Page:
Trump's fury feeds Moscow and Beijing accounts of US chaos

US President-elect Joe Biden seems determined to leave in place many of Mr Trump's harshest measures. PHOTO: AFP

MOSCOW (NYTIMES) - For years, state propaganda in both Russia and China has painted Western democracy as dangerously chaotic compared to what it described as the safety and stability of the countries' authoritarian systems.

With President Donald Trump's unfounded allegations that Democrats stole last week's presidential election, Moscow and Beijing got a fresh chance to claim vindication.

Russia seized that chance, while China was more restrained, perhaps reflecting cautious optimism that a President-elect Joe Biden could stabilise relations with the United States. Neither country, however, congratulated Mr Biden for winning the election, a silence that in itself served to underline the messiness of American democracy.

A spokesman for President Vladimir Putin of Russia couched the delay as a technical matter of diplomatic protocol, and pledged that Mr Putin would be ready to work with "any elected president of the United States."

The spokesman, Mr Dmitry Peskov, told reporters that the Kremlin would wait until Mr Trump's court challenges to the election results run their course.

"We believe it would be proper to wait for an official announcement" of the results, he said. "There are certain legal procedures pending that were announced by the current president."

Chinese officials are awaiting Mr Trump's official concession before congratulating Mr Biden, a spokesman for the Ministry of Foreign Affairs suggested Monday (Nov 9).

The delayed recognition of Mr Biden as president-elect was striking after a weekend during which leaders from around the world congratulated Mr Biden on his electoral victory - even close allies of Mr Trump like Prime Minister Benjamin Netanyahu of Israel.

In Russia, it was clear that the Kremlin saw the tumult in Washington as an opportunity to criticise the United States rather than to try to improve ties.

On the flagship weekly news programme on state TV Sunday night, host Dmitry Kiselyov said the election showed the United States to be "not a country but a huge, chaotic communal apartment, with a criminal flair."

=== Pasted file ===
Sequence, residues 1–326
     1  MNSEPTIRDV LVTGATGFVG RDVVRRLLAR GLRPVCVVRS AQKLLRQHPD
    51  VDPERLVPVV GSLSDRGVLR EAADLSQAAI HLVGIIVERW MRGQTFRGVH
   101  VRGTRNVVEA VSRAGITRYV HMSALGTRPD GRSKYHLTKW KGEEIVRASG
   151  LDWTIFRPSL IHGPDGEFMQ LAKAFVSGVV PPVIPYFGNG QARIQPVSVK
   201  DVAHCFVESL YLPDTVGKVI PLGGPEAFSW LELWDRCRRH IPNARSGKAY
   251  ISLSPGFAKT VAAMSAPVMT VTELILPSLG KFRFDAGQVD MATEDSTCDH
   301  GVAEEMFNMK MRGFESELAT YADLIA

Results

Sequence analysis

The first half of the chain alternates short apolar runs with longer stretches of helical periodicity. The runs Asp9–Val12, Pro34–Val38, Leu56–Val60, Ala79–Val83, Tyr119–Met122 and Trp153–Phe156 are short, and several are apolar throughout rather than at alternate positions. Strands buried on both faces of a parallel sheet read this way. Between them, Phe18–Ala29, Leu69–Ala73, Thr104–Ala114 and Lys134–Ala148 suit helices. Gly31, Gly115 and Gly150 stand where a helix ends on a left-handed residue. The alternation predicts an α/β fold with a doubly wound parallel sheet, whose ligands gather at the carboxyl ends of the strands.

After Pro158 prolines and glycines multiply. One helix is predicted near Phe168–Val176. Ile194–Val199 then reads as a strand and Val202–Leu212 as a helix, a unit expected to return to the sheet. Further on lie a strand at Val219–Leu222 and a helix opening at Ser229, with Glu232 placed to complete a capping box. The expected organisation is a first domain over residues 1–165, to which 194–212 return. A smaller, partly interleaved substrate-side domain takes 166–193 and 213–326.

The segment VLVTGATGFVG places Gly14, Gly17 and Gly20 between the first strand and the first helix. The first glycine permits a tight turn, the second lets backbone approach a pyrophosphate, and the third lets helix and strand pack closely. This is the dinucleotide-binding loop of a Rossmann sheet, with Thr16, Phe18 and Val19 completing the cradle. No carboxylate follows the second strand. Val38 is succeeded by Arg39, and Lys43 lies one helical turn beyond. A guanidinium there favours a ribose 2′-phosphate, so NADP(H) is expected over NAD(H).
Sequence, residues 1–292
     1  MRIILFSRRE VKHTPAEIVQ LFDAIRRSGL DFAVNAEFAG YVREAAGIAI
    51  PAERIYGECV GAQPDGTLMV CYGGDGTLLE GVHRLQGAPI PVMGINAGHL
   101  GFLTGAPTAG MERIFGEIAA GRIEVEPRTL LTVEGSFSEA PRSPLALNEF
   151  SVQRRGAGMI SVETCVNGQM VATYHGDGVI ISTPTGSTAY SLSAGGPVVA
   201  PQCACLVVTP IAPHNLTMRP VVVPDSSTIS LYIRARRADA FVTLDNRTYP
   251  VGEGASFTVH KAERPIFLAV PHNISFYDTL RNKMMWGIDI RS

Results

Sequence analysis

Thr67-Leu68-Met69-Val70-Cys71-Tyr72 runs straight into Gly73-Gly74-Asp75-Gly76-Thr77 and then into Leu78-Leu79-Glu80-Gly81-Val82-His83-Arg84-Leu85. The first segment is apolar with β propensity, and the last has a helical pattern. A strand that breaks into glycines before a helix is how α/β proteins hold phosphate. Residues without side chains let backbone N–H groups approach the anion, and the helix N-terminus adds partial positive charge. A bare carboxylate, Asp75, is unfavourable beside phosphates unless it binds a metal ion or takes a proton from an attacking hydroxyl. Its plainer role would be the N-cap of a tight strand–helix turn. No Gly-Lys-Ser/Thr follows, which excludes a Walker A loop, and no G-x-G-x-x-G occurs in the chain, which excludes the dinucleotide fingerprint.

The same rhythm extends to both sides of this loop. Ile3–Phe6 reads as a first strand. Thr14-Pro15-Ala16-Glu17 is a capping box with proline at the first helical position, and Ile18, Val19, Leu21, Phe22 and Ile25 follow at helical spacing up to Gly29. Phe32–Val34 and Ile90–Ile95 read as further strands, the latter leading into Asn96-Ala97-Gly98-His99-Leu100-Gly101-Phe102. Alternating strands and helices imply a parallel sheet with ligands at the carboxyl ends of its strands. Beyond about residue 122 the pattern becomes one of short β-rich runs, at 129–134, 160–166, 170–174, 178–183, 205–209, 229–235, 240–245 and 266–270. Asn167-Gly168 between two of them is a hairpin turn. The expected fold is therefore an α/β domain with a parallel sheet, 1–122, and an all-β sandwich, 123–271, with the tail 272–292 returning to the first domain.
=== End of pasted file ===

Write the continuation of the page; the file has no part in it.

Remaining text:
On a political talk show, a lawmaker, Mr Oleg Morozov, said American democracy had deteriorated to the point that "one can manipulate it, tune it, tamper with it to achieve a certain result."

In Russia, elections are tightly scripted affairs, with challengers to the ruling party winning in very rare cases and popular opposition politicians generally unable to get on the ballot.

But on Monday, Ms Ella Pamfilova, the head of Russia's Central Election Commission, took her turn at sounding off on the superiority of Russian governance. She said she had studied mail-in voting and decided against using it in Russia because it was too vulnerable to cheating.

"This anachronism in its American version opens up boundless possibilities for potential fraud," she told Tass, a state-run Russian news agency - echoing one of Mr Trump's favourite claims, though no evidence of such fraud has emerged. "It turns out I was right. What's going on now in the United States is the best illustration of that."

The Kremlin may well miss Mr Trump. While the president never delivered on Russian hopes of rapprochement between Washington and Moscow, his America-first foreign policy dovetailed with the Kremlin's desire to weaken the Western alliance and to expand Russian influence around the world.

Mr Biden, by contrast, has vowed to take a tougher line on Russia and to rebuild ties with America's traditional allies. Some Russian analysts have noted potential silver linings to a Biden presidency, including a greater potential to work with Washington on matters of common interest like arms control and Iran's nuclear programme.

But that optimistic narrative has been far from front-and-centre on Russian state media in the last week.

For China, the calculus is even more complicated, and state media's response to Mr Biden's win has been more measured. Mr Biden would be "more moderate and mature" than Mr Trump on foreign affairs, Global Times, a fiercely nationalistic tabloid, said.

Still, the president-elect seems determined to leave in place many of Mr Trump's harshest measures, and China's leaders appear to have concluded that the United States will remain irreconcilably opposed to the country's rise.

Southern Daily, an official newspaper for the southern province of Guangdong, said that while Mr Biden would most likely treat Russia, not China, as the biggest foreign threat to the United States, "we don't have to have illusions."

"One thing is for sure, things will never return to the way they were before," the newspaper's post on Weibo, a Twitter-like platform, continued. "The world is not the world it was before."

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